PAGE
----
Vintage Assam

Preserving Heritage through Photographs. The wall installation in the Library Hall depicts historical legacies and stories linked to the region along the River Brahmaputra, through rare old photographs.

In the year 1905, Sir Edward Gait, who wrote the path-breaking work, A History Of Assam, lamented the fact that “…there is probably no part of India regarding whose past, less is generally known. In the histories of India, as a whole, Assam is barely mentioned." More than hundred years have passed since then but Gait's observations on the invisibility of Assam in standard historiography remain true as ever.

The region has often been excluded by the mainstream intellectuals from the area of their history writing while several events from its medieval and modern past should have been specific case studies. It has remained the benighted Cinderella province, of which renowned parliamentarian, the Late Hem Barua once wrote, "Assam is mentally a distant horizon like Bolivia or Peru, less known and more fancied." This has led many to view the region through narrow lenses without being initiated to the enormous sociocultural transformation that its multi-ethnic, polyphonic society has undergone throughout its history. Several stereotypes and misconceptions about the region have also arisen as a result. In the minds of many people, it is still no more than "a land of mountains; barbaric people, malaria; earthquakes; floods; and of course tea. To others, it is a kingdom of a lush jungle where venomous snakes and lethal spiders; stealthy tigers; sinuous leopards; wild elephants; and the great one-horned rhinoceros peep and peer with menacing intent." Moreover, it continues to be projected as a troubled region due to the incessant violence that it has faced over the last few decades.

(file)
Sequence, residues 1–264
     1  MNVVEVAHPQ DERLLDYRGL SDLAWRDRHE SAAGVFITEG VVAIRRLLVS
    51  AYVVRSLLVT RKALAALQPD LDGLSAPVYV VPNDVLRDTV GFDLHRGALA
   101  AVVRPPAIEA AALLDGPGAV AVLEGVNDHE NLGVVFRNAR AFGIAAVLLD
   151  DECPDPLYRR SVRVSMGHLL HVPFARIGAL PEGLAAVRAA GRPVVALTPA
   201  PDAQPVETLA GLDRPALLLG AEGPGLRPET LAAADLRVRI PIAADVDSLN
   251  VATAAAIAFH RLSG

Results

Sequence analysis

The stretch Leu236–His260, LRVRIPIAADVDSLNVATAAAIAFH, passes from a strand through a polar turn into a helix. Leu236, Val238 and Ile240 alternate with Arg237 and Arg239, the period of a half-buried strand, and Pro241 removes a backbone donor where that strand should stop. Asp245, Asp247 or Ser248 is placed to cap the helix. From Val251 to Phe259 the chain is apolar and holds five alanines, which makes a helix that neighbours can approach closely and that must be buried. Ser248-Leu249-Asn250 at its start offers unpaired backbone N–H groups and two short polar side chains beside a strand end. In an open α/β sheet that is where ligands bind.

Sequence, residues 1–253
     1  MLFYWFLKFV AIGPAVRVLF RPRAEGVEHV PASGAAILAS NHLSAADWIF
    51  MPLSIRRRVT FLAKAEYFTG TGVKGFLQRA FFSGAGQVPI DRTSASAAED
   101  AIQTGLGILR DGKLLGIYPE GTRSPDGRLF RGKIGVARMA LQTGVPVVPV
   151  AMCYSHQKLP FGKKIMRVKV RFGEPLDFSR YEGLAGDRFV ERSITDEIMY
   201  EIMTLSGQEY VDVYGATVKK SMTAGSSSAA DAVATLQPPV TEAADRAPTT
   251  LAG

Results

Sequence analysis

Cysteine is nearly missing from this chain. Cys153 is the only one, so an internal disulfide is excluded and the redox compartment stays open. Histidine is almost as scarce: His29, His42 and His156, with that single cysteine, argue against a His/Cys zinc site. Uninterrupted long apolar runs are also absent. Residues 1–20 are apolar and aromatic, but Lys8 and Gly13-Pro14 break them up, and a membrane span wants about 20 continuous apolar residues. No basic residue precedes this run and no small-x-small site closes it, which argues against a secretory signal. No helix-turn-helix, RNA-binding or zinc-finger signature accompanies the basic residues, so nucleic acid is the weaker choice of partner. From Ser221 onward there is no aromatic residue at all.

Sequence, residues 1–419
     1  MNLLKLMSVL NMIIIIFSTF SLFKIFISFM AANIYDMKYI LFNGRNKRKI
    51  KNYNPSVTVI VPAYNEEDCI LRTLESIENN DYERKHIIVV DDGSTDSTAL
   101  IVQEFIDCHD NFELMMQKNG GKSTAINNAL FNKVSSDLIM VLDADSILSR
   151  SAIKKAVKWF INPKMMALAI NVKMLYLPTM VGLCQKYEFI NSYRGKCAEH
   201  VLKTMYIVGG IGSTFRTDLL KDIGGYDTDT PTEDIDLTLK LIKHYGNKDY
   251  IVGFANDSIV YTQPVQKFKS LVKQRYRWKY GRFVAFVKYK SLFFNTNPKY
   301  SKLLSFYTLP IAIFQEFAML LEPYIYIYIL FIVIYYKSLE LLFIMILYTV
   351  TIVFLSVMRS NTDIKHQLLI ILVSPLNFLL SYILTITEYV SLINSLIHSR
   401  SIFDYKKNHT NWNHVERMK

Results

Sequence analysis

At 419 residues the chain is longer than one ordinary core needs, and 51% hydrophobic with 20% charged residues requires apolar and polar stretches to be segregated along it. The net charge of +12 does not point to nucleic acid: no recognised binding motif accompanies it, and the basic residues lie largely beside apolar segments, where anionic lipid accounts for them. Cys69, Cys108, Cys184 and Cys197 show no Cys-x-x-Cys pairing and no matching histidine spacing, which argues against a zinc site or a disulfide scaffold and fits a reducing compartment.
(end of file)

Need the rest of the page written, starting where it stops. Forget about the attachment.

Preserving Heritage
through Photographs

Vintage Assam attempts to challenge this dominant narrative and the prevalent stereotypes by reconstructing the modern history of Assam and revealing little-known facets of the region that has so far escaped the attention of mainstream historiography. It acts as a window into the enormous socio-economic and political changes that not only changed the entire landscape of the region but also had its bearing on the mainland.

Assam's modern history is not represented in this gallery in a specific narrative formula but rather as a collection of images, oral testimonies, artifacts, advertisements, quotes and letters.

Curated by Avinibesh Sharma (Project Head, Vintage Assam)